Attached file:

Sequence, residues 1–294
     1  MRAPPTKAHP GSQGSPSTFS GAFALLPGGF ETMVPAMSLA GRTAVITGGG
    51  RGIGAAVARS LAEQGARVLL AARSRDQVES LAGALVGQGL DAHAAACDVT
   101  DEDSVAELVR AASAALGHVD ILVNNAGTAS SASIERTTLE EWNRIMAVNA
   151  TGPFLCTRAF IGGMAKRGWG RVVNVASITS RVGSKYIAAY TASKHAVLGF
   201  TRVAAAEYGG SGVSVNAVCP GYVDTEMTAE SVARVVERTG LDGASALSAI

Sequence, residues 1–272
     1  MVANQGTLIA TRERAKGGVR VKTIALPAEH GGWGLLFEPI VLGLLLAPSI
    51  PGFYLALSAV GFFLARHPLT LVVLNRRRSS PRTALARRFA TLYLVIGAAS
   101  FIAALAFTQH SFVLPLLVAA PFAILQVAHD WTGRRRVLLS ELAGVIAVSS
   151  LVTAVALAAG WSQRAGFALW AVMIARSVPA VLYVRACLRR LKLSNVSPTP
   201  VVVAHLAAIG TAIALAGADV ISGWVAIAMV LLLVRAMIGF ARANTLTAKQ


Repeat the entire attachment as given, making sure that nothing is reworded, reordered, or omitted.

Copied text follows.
Sequence, residues 1–294
     1  MRAPPTKAHP GSQGSPSTFS GAFALLPGGF ETMVPAMSLA GRTAVITGGG
    51  RGIGAAVARS LAEQGARVLL AARSRDQVES LAGALVGQGL DAHAAACDVT
   101  DEDSVAELVR AASAALGHVD ILVNNAGTAS SASIERTTLE EWNRIMAVNA
   151  TGPFLCTRAF IGGMAKRGWG RVVNVASITS RVGSKYIAAY TASKHAVLGF
   201  TRVAAAEYGG SGVSVNAVCP GYVDTEMTAE SVARVVERTG LDGASALSAI

Sequence, residues 1–272
     1  MVANQGTLIA TRERAKGGVR VKTIALPAEH GGWGLLFEPI VLGLLLAPSI
    51  PGFYLALSAV GFFLARHPLT LVVLNRRRSS PRTALARRFA TLYLVIGAAS
   101  FIAALAFTQH SFVLPLLVAA PFAILQVAHD WTGRRRVLLS ELAGVIAVSS
   151  LVTAVALAAG WSQRAGFALW AVMIARSVPA VLYVRACLRR LKLSNVSPTP
   201  VVVAHLAAIG TAIALAGADV ISGWVAIAMV LLLVRAMIGF ARANTLTAKQ